A. E. Burgess, H. Ghandeharian, “Visual signal detection. III. On Bayesian use of prior knowledge and cross-correlation,” J. Opt. Soc. Am. A 2, 1498–1507 (1985).
[CrossRef] [PubMed]

A. E. Burgess, R. F. Wagner, R. Jennings, H. B. Barlow, “Efficiency of human visual signal discrimination,” Science 214, 93–94 (1981).
[CrossRef] [PubMed]

Burr, D.

D. Burr, J. Ross, M. C. Marrone, “Seeing objects in motion,” Proc. R. Soc. London 227, 249–265 (1986).
[CrossRef]

Carney, T.

T. Carney, D. A. Silverstein, S. A. Klein, “Vernier acuity during image rotation and translation: visual performance limits,” Vision Res. 35, 1951–1964 (1995).
[CrossRef] [PubMed]

Carterette, E.

J. Whiting, D. Honig, E. Carterette, N. Eigler, “Observer performance in dynamic displays: effect of frame rate on visual signal detection in noisy images,” in Human Vision, Visual Processing, and Digital Display II, B. E. Rogowitz, M. H. Brill, J. P. Allebach, eds., Proc. SPIE1453, 165–176 (1991).
[CrossRef]

Doi, K.

L. D. Loo, K. Doi, C. E. Metz, “Investigation of basic imaging properties in digital radiography. 4. Effect of unsharp masking on the detectability of simple patterns,” Med. Phys. 12, 209–214 (1985).
[CrossRef] [PubMed]

H. Fujita, K. Doi, M. L. Giger, “Investigation of basic imaging properties in digital radiography. 6. MTFs of II-TV digital imaging systems,” Med. Phys. 12, 713–719 (1985).
[CrossRef] [PubMed]

Eckstein, M. P.

M. P. Eckstein, J. S. Whiting, J. P. Thomas, “Role of knowledge in human visual temporal integration in spatiotemporal noise,” J. Opt. Soc. Am. A 13, 1960–1968 (1996).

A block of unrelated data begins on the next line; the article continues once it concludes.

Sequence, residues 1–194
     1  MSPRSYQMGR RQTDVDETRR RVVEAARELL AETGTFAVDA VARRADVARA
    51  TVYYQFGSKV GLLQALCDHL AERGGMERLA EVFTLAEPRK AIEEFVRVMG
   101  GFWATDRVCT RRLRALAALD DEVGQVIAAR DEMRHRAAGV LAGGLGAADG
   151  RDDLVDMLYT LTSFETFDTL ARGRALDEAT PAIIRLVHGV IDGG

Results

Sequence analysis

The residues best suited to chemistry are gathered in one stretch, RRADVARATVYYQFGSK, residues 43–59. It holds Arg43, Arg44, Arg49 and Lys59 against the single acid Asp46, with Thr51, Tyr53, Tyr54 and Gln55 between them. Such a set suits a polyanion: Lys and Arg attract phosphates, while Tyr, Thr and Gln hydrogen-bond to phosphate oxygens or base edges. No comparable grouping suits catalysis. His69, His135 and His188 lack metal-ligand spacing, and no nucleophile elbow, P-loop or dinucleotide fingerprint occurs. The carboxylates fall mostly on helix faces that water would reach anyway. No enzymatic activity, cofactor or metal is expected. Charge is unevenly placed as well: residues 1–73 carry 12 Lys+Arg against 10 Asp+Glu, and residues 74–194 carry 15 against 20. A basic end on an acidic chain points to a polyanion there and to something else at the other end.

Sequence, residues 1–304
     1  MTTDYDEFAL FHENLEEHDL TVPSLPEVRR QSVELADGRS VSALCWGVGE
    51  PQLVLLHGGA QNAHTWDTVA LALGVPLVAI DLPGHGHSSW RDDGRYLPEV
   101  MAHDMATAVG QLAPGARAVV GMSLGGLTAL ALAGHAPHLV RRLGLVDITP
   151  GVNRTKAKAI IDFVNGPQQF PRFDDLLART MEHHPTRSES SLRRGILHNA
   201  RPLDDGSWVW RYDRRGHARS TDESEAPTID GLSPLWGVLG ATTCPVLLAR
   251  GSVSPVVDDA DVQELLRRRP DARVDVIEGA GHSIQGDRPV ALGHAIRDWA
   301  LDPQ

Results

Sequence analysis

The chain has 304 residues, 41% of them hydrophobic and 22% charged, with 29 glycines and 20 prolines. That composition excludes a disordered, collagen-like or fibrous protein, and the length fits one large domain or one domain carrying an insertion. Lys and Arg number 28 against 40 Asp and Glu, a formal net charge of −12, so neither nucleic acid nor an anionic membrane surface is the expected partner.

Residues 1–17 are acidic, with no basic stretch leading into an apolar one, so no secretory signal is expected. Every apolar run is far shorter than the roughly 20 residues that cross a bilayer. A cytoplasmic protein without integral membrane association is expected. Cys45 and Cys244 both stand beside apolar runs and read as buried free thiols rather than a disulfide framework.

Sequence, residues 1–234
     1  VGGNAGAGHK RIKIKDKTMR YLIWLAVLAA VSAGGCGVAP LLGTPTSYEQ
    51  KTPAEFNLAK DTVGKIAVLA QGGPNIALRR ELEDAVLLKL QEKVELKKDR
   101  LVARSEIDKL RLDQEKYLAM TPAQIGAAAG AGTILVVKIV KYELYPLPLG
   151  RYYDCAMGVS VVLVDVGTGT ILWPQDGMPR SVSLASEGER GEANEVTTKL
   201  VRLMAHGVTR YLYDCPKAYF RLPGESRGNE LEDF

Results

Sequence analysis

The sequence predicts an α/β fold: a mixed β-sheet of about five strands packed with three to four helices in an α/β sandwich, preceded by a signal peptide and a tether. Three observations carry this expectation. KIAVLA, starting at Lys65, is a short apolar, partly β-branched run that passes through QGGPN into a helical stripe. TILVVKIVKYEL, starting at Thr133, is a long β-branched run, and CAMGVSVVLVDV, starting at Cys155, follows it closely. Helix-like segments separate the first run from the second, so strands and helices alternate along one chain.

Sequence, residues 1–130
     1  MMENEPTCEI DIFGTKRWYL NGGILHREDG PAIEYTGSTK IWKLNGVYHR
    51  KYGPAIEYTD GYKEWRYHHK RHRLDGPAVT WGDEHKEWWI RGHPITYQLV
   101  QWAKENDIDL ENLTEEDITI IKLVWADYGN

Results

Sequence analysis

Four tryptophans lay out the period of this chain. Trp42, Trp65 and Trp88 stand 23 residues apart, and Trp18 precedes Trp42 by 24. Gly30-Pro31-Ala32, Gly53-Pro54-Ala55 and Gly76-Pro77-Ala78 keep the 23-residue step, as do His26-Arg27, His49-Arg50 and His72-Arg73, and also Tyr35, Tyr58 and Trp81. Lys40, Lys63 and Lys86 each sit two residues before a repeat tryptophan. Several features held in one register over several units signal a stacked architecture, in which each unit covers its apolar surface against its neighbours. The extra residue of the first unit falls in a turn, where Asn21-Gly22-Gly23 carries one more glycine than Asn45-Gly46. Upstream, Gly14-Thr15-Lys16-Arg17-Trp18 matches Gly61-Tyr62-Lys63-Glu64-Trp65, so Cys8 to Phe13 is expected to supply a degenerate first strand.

[CrossRef]

N. L. Eigler, M. P. Eckstein, K. N. Mahrer, J. S. Whiting, “Improving detection of coronary morphological features from digital angiograms: effect of stenosis stabilization display,” Circulation 89, 2700–2709 (1994).
[CrossRef] [PubMed]

J. S. Whiting, M. P. Eckstein, C. A. Morioka, N. L. Eigler, “Effect of additive noise, signal contrast, and feature motion on visual detection in structured noise,” in Medical Imaging 1996: Image Perception, H. L. Kundel, ed., Proc. SPIE2712, 26–38 (1996).
[CrossRef]

M. P. Eckstein, J. S. Whiting, J. P. Thomas, “Detection and contrast discrimination of moving signals in uncorrelated gaussian noise,” Medical Imaging 1996: Image Perception, H. L. Kundel, ed., Proc. SPIE2712, 9–25 (1996).
[CrossRef]

Eigler, N.

J. Whiting, D. Honig, E. Carterette, N. Eigler, “Observer performance in dynamic displays: effect of frame rate on visual signal detection in noisy images,” in Human Vision, Visual Processing, and Digital Display II, B. E. Rogowitz, M. H. Brill, J. P. Allebach, eds., Proc. SPIE1453, 165–176 (1991).
[CrossRef]

Eigler, N. L.

N. L. Eigler, M. P. Eckstein, K. N. Mahrer, J. S. Whiting, “Improving detection of coronary morphological features from digital angiograms: effect of stenosis stabilization display,” Circulation 89, 2700–2709 (1994).
[CrossRef] [PubMed]

J. S. Whiting, M. P. Eckstein, C. A. Morioka, N. L. Eigler, “Effect of additive noise, signal contrast, and feature motion on visual detection in structured noise,” in Medical Imaging 1996: Image Perception, H. L. Kundel, ed., Proc. SPIE2712, 26–38 (1996).
[CrossRef]

Fahle, M.

M. Fahle, T. Poggio, “Visual hyperacuity: spatiotemporal interpolation in human vision,” Proc. R. Soc. London 213, 451–477 (1981).
[CrossRef]

M. Fahle, T. Poggio, “Visual hyperacuity: spatiotemporal interpolation in human vision,” in Image Understanding, S. Ullman, W. Richards, eds. (Ablex, Norwood, N.J., 1984), pp. 49–77.

Farrell, J. E.

Fritz, S. L.

S. L. Fritz, S. E. Mirvis, S. O. Pais, S. Roys, “Phantom evaluation of angiographer performance using low frame rate acquisition fluoroscopy,” Med. Phys. 15, 600–603 (1988).
[CrossRef] [PubMed]

Fujita, H.

H. Fujita, K. Doi, M. L. Giger, “Investigation of basic imaging properties in digital radiography. 6. MTFs of II-TV digital imaging systems,” Med. Phys. 12, 713–719 (1985).
[CrossRef] [PubMed]

Ghandeharian, H.

Giger, M. L.

H. Fujita, K. Doi, M. L. Giger, “Investigation of basic imaging properties in digital radiography. 6. MTFs of II-TV digital imaging systems,” Med. Phys. 12, 713–719 (1985).
[CrossRef] [PubMed]

Gilmore, G. C.